From Orillia, Ontario. Killed Nov.24/43 age 26. #6 Elementary Flying Training School, Prince Albert, Saskatchewan.Tiger Moth aircraft # 1142 and Tiger Moth # 5944 collided in mid-air and six miles north-west of the aerodrome at Prince Albert. LAC. P.R. McLean and F/O. Butler were killed in aircraft # 5944. LAC. E.G. Henderson, and F/O. R.N. Grest were killed in aircraft # 1142. Flying Officer Pilot Butler is buried in the Forest Lawn Cemetery at Detroit, Michigan, U.S.A.
LAC Edward Gyon Henderson
xx
F/O Ralph Nicolaus Grest
Xx
LAC Paul Roger McLean
XX
F/L Douglas Harold Burr
LAC Elmer Stephan Beingessner
Douglas Erwin Hall
Robert Henry Hendrix
Phillip Gordon Cameron
Lloyd Reginald Alexander Burns – F/O
LAC Charles McNaughton Miller

MILLER, CHARLES MCNAUGHTON LAC(P) R191243 - under training. From Winnipeg, Manitoba. Killed Jul.20/43 age 32. #6 Elementary Flying Training School, Prince Albert, Saskatchewan. LAC. Miller and F/O. H. Pettigrew were both killed when Tiger Moth aircraft # 4220 crashed fifteen miles south-west of the aerodrome at Prince Albert. Leading AirCraftman Pilot Miller is buried in the Elmwood Cemetery at Winnipeg, Manitoba.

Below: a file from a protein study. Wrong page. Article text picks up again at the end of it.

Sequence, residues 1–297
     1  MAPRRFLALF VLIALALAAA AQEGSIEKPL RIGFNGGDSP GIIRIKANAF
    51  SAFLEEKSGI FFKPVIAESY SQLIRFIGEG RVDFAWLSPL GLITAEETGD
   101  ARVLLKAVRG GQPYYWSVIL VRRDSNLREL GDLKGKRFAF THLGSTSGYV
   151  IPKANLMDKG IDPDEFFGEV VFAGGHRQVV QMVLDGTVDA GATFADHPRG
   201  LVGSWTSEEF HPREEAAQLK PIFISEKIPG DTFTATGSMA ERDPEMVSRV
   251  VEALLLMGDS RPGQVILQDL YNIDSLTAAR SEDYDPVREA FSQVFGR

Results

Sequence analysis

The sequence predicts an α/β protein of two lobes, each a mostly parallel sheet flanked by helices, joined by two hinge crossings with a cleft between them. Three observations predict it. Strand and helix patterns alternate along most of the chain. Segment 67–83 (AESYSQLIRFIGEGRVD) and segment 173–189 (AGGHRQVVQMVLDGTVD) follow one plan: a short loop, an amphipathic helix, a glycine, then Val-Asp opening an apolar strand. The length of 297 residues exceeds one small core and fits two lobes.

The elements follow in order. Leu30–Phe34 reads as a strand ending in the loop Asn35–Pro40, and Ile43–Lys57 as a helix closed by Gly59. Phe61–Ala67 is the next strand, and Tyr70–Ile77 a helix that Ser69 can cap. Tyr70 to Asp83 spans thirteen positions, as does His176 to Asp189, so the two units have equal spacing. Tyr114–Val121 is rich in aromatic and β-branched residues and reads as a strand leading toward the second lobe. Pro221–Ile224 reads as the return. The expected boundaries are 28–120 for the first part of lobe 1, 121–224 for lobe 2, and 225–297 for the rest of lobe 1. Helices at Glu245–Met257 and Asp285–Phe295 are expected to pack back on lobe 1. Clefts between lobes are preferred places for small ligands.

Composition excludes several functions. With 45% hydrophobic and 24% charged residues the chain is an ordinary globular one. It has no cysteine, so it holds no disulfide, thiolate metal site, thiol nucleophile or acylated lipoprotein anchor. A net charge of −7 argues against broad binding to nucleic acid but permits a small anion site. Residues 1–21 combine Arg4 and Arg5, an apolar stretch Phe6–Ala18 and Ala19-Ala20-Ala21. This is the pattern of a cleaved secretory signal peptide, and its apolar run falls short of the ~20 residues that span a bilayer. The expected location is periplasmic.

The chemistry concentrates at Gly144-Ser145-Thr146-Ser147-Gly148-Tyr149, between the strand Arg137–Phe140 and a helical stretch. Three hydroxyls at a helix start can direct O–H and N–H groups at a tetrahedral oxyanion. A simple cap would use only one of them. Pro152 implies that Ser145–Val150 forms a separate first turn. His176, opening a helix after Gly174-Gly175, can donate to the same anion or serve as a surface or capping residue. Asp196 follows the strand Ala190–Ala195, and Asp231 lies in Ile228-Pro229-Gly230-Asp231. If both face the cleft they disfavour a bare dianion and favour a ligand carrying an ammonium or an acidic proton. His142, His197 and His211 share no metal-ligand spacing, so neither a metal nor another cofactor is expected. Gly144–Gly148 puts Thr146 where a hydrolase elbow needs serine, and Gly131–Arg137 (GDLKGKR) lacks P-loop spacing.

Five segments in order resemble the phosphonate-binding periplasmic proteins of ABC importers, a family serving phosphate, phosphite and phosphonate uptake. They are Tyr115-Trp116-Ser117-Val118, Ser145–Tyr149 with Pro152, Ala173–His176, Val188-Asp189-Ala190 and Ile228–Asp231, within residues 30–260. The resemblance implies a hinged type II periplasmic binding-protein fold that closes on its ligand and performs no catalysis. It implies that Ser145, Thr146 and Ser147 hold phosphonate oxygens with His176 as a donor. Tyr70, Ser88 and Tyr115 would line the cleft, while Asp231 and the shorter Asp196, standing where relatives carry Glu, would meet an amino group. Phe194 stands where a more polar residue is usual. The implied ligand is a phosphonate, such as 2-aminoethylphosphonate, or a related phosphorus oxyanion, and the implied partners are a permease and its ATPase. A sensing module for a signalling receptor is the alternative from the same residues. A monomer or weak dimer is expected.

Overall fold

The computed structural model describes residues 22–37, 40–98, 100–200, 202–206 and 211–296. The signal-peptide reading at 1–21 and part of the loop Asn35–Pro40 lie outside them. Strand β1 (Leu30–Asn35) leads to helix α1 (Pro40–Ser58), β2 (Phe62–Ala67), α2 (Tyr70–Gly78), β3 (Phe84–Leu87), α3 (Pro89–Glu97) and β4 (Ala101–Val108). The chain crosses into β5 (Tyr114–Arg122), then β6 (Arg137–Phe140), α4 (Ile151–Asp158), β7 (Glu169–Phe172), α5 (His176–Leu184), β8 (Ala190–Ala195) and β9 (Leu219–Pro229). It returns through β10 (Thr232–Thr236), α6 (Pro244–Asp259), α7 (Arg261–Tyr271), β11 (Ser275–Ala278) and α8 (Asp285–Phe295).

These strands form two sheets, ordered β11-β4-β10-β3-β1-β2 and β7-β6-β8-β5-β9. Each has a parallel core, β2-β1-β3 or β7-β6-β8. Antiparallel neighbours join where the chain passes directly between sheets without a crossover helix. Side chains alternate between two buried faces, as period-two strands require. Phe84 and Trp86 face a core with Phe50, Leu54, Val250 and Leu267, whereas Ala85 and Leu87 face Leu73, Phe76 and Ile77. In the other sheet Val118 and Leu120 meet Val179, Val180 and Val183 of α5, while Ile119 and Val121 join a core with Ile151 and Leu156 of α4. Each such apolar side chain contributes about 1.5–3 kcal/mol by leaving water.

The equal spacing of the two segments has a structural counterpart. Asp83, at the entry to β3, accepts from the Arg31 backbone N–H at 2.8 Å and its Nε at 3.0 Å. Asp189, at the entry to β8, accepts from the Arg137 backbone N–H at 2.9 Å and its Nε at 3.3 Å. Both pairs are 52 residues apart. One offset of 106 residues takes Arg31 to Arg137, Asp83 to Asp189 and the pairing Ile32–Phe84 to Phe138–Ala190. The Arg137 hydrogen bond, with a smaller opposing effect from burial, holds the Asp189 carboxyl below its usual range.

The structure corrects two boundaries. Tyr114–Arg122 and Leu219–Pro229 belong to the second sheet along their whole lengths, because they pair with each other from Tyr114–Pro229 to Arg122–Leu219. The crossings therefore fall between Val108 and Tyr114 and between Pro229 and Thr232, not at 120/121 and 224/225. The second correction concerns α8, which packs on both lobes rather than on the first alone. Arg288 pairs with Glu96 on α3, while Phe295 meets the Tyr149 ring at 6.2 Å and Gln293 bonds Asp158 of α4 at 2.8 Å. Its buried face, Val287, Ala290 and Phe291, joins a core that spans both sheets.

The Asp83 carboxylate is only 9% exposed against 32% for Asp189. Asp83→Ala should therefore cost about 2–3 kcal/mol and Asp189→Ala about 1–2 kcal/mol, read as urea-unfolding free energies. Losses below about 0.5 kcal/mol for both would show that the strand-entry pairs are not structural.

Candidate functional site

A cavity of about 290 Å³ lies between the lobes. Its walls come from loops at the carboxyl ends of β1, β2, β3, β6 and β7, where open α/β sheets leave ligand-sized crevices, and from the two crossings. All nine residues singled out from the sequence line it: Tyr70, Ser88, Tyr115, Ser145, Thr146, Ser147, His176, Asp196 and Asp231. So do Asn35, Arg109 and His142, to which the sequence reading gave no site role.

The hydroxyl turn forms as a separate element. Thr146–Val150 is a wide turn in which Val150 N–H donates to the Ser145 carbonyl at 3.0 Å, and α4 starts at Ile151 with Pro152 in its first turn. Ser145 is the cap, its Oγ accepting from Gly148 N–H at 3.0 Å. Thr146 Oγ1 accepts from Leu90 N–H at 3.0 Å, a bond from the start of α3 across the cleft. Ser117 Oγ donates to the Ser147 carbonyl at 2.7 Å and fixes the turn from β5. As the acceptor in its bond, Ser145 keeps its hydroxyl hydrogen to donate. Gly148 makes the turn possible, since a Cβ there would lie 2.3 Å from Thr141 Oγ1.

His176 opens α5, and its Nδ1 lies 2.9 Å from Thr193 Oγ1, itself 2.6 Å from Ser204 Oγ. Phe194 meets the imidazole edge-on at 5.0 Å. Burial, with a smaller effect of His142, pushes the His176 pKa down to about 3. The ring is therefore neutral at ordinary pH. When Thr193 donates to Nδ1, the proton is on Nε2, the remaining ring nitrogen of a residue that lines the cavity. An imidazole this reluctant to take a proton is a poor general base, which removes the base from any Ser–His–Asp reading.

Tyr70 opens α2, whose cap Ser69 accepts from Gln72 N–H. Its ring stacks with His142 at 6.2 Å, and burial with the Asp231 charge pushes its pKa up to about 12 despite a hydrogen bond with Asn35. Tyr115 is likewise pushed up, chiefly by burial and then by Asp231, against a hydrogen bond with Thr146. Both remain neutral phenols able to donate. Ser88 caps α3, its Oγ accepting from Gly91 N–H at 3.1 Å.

MILLER, VERNON RUSSELL LAC(P) R196677 - under training. From Smeaton, Saskatchewan. Killed Sep.16/43 age 20. #6 Elementary Flying Training School, Prince Albert, Saskatchewan. LAC. Miller was killed when Tiger Moth aircraft # 1205 crashed twenty miles north-west of Prince Albert, cause obscure. Leading AirCraftman Pilot Miller is buried in the South Hill Cemetery, Prince Albert, Saskatchewan.
LAC Vernon Russell Miller

Prince Albert Daily Herald  – Nov 10 2012
http://www.pressreader.com/canada/prince-albert-daily-herald/20121110/281724086821527
6 AOS – 615 navigators 226 RCAF 84 RAF 229 RNZAF ? RAAF and 3 Norwegians

https://www.facebook.com/permalink.php?id=104764032962506&story_fbid=298734336898807
World War Two – Prince Albert
Remembering Those Who Fell Here

Several of the aircraft at the Centennial of Flight Airshow last August were the types used in the British Commonwealth Air Training Plan training schools during World War 2. Prince Albert had two of those schools; the No. 6 Elementary Flying Training School and the No. 6 Air Observer School.